In this article, I’m going to discuss different sizes of pillows.
Pillows come in a variety of different fills, such as buckwheat, the latex, feather, down and many other different fills. I will discuss some of those in a different article relative to our preferences and the benefits and features of each of those.
But here I’m going to talk specifically about sizes.
Without question, the most common size pillow is referred to as the standard pillow. It is 20 inches in width and 26 inches in length.
Two of these fit very nicely across a full bed or a queen bed.
Going up, manufacturers produce a queen sized pillow. These pillows are just not that popular and it’s primarily because the pillowcases are very hard to find. Most department store quality bedding that you would find sell a full size set or a queen set only in a standard pillow case.
So if you have a queen insert, it will not fit the pillowcase properly. You’ll end up with three or four inches hanging outside of the pillowcase itself.
If you move into the luxury limit market, you will find that some manufacturers will offer you a standard pillowcase, a queen pillowcase or a king pillowcase.
Other manufacturers elect just to produce a standard / queen, which is slightly oversized. It will accommodate a standard pillow as well as a queen pillow and then the king pillowcases.
The king pillow is 20 wide and 36 inches long. Two of these fit perfectly across the king bed. But a lot of people don’t particularly care for the king size pillow, because it is a little bit longer and it’s a little bit more cumbersome.
A lot of people do tossing and turning at night and they hold on to the pillow and move it this way and that way, and they find that that additional length becomes a little bit cumbersome. So they opt to utilize a standard pillow instead.
A king bed you can put three standard pillows across the entire width of the bed and it looks perfect. Keep that in mind.
The king size is popular but certainly not as popular as the standard pillow.
Next size is the boudoir. It is 12 inches by 16. These are used as travel pillows. Very similar to the size that you’d find in an airplane.
But primary use for this is in a bedroom environment. It’s not necessarily sleeping but more of a decorative function.
You can just place a couple of these in front of your sleeping pillows. These are great little pillows to bring some color and some additional interest or texture into the bed. Very small, easily removed, but very popular.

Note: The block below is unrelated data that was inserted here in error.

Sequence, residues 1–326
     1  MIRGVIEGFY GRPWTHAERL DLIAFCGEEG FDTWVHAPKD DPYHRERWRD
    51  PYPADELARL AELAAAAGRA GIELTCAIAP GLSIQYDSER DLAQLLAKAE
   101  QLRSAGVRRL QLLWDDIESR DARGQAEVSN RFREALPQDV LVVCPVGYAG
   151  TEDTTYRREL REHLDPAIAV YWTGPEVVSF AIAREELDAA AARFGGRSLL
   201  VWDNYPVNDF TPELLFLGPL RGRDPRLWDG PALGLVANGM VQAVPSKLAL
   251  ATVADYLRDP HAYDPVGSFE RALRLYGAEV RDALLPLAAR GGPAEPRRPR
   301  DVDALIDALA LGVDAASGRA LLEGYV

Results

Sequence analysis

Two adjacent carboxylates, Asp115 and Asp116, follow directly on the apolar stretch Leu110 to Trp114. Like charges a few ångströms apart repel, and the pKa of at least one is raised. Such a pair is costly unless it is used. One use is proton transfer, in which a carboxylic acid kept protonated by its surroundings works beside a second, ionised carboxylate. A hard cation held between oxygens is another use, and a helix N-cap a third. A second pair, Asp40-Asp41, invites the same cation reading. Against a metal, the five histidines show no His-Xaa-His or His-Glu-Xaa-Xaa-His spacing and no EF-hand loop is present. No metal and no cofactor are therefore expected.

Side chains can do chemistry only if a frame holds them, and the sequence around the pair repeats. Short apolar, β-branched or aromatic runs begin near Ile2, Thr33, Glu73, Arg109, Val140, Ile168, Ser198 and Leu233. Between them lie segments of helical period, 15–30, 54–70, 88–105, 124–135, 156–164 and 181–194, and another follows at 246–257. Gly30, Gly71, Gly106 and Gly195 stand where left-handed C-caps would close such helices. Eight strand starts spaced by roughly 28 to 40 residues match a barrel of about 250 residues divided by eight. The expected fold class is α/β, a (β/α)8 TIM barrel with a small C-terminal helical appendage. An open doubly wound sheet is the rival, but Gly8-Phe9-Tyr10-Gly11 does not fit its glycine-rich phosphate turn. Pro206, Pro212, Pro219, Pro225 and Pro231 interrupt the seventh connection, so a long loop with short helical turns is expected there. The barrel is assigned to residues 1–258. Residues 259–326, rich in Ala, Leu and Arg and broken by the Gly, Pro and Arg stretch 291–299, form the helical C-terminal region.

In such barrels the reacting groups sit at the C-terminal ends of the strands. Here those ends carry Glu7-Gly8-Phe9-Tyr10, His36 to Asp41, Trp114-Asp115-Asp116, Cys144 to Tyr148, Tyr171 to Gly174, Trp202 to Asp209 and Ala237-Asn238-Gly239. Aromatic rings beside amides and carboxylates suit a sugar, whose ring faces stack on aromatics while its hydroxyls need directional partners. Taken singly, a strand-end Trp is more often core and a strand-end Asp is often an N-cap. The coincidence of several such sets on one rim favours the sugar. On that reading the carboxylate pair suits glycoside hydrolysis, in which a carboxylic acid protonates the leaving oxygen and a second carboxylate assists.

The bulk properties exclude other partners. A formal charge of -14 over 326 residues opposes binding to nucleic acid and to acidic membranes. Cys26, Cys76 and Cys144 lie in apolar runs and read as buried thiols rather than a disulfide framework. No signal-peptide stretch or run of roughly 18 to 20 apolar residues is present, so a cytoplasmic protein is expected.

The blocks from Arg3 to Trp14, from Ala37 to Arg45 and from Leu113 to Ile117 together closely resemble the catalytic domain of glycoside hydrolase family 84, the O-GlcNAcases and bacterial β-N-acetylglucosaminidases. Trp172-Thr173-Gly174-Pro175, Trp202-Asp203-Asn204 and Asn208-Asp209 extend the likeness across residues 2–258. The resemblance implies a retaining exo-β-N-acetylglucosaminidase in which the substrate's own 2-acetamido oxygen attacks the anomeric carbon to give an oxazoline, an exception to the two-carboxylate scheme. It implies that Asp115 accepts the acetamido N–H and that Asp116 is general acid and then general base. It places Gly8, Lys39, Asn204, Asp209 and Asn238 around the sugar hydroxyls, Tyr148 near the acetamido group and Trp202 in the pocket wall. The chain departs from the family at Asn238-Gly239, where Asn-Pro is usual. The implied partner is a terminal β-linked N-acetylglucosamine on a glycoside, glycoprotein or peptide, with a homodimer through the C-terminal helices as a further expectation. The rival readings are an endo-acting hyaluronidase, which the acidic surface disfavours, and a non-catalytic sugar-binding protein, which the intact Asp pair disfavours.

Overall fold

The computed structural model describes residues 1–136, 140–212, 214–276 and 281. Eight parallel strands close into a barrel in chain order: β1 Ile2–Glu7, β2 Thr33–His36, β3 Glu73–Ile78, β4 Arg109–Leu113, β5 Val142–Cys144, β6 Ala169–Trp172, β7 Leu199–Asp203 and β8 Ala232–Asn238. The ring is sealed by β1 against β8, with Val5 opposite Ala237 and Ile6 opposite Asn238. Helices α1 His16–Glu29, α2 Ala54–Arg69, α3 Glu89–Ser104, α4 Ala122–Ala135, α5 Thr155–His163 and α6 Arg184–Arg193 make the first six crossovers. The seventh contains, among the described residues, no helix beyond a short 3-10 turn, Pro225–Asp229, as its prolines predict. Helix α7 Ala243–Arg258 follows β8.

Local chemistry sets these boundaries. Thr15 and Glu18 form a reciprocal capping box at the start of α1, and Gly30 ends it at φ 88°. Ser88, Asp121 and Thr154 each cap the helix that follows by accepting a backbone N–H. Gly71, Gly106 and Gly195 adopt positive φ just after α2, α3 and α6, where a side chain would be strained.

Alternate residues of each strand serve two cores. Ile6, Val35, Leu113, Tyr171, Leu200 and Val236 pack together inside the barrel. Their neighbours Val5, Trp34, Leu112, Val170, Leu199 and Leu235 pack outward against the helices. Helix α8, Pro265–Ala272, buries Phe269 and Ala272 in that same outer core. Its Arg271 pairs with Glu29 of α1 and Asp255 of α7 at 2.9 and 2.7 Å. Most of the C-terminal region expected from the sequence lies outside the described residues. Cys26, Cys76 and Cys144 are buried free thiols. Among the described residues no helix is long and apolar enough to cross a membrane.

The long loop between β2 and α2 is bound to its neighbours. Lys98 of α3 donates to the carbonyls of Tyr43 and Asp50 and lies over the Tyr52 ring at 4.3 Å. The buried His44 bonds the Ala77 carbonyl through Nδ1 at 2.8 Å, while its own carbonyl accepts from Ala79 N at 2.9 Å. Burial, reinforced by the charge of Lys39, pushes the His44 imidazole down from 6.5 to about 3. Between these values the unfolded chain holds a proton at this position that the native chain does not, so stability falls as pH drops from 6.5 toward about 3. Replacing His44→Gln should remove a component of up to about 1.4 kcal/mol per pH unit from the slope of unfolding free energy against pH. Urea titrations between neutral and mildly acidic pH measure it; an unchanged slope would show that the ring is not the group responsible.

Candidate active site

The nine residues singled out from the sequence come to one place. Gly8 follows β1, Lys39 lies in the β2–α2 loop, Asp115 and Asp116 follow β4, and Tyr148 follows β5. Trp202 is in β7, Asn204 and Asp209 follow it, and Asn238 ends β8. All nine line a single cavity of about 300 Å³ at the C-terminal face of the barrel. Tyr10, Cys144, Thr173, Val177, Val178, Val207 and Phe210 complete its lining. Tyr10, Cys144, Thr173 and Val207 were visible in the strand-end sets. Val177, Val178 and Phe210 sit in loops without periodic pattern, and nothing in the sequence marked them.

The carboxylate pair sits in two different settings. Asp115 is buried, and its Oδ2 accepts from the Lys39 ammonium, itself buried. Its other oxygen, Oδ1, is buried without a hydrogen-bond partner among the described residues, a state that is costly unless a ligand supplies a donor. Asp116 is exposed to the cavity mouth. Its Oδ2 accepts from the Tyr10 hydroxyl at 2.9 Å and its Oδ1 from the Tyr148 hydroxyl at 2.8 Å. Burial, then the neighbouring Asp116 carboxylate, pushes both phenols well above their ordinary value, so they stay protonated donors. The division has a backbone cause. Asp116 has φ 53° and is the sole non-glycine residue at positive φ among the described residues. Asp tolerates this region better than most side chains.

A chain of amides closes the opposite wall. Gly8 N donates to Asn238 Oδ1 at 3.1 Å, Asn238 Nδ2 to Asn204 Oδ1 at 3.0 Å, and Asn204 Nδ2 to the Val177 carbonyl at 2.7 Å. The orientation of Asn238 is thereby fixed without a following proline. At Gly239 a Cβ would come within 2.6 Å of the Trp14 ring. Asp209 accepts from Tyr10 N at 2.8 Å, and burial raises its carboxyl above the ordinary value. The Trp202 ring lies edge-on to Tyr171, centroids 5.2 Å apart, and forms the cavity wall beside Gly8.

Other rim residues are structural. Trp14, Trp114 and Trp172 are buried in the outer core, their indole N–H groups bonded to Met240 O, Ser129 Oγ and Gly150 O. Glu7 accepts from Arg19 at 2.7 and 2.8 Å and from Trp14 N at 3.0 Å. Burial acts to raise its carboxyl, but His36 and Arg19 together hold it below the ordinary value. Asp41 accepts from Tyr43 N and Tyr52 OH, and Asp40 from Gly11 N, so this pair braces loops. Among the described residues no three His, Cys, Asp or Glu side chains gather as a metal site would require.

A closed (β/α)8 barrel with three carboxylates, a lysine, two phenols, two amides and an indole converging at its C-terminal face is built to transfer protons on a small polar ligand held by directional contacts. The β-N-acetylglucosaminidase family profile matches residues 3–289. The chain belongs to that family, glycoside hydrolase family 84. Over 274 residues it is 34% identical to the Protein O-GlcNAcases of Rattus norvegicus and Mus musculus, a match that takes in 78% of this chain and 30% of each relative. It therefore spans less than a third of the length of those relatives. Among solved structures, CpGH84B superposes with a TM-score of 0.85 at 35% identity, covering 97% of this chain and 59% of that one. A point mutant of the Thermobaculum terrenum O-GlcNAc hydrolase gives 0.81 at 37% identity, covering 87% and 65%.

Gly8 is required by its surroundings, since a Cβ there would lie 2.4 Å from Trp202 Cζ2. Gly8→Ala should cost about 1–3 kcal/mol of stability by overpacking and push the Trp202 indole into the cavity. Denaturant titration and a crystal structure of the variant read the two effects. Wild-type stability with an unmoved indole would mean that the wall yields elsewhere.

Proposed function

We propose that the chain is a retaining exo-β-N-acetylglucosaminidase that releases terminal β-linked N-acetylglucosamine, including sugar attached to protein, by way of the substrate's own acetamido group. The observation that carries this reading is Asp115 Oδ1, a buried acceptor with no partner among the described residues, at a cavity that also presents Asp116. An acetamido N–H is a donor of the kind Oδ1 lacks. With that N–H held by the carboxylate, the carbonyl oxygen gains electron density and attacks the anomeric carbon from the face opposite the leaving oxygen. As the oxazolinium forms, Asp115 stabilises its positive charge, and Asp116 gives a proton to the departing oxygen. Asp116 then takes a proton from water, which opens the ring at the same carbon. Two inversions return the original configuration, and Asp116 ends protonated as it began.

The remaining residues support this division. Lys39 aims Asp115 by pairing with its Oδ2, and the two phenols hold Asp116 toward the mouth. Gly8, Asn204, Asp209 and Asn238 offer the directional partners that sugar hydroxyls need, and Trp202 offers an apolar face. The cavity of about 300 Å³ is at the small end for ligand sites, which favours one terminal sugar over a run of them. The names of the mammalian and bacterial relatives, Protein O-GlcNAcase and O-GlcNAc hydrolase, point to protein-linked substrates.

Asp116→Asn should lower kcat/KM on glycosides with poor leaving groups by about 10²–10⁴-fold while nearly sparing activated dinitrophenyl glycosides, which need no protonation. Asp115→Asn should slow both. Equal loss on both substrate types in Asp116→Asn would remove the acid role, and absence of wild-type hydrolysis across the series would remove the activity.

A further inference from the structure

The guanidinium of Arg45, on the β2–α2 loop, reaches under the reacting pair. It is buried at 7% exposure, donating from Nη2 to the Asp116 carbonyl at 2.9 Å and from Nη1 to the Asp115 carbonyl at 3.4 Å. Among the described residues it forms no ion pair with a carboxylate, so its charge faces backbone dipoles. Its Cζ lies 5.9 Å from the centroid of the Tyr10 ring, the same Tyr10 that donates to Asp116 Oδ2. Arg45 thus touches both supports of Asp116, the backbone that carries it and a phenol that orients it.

Last pillow is the Euro. A very popular pillow. It’s 26 inches by 26 inches and it’s ostensibly used at the headboard.
There’s no right or wrong in this.
Many people bring the Euros forward and put their sleeping pillows behind. I think a nicer look is to put the Euros in the very back of the bed against the headboard.
And then you achieve this nice, layered look, stepping down from the headboard to the Euros to the sleeping pillows and then possibly some decorative pillows or boudoir size pillow shams.
I also want to discuss pillow protectors.
It’s not a horribly exciting product, however, it’s the product that is recommended for your bedding.
When you purchase a new pillow, it’s bright white and clean. However, inevitably what happens over time is that your pillow will begin to discolor.
This discoloration is a direct result of body oils that made their way through your pillowcase unto the shell of the pillow itself.
In addition to the body oils, some people often have a tendency to drool at night. Obviously that provides an additional discoloration. So your pillow over time will begin to become unsanitary.
Also, your pillow itself will pick up dust mites. They are inevitable in all bedding. Dust mites are nasty little creatures that live off of your skin dander.
The waste that is produced from the dust mites can literally double the weight of a pillow within eight to ten years.
The pillow can be laundered or it can be dry-cleaned, but both of them have some challenges.
The dry cleaning process itself utilizes a chemical called perc. It is a known carcinogenic and it is absorbed into the fibers that are utilized in most pillow fills. You’re literally sleeping next to this perc chemical, breathing this over the course of ten years.
And your pillow will come back from the dry cleaners smelling like this chemical. Some people find this offensive and not desirable.
The laundry is an option as well.
Laundering new pillow is not all that difficult and you could put a little bleach in the pillow although it’s not recommended by any down manufacturer. The bleach itself will sanitize the pillow and kill the dust mites.
The problem associated with laundering a pillow, however, is the drying process. It needs to be totally dry, because it is effectively a sponge and it’ll soak up all of the water and detergents in your wash cycle. That water needs to be removed, otherwise, because it is a natural fiber, it would begin to rot and mildew and you will have to throw away your pillow.
Alternatively a pillow protector helps mitigate these problems.
First of all, pillow protectors come in a wide variety of textiles, most often cotton. They generally have a zip closure. You simply place you pillow inside the pillow protector, zip it and then put your pillowcase on top of it.
This provides an additional layer of protection. It will provide years of additional cleanliness to your pillow.
You may find over the course of a month or two, this may begin to discolor. Simply take it off, throw it in the laundry with your bed linens themselves and put it back on.
You will keep your pillow looking fresher for many years.
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Alex P. Davis has a BA in Interior Design from The New York School of Interior Design and 10 years of experience expertly designing sophisticated interiors.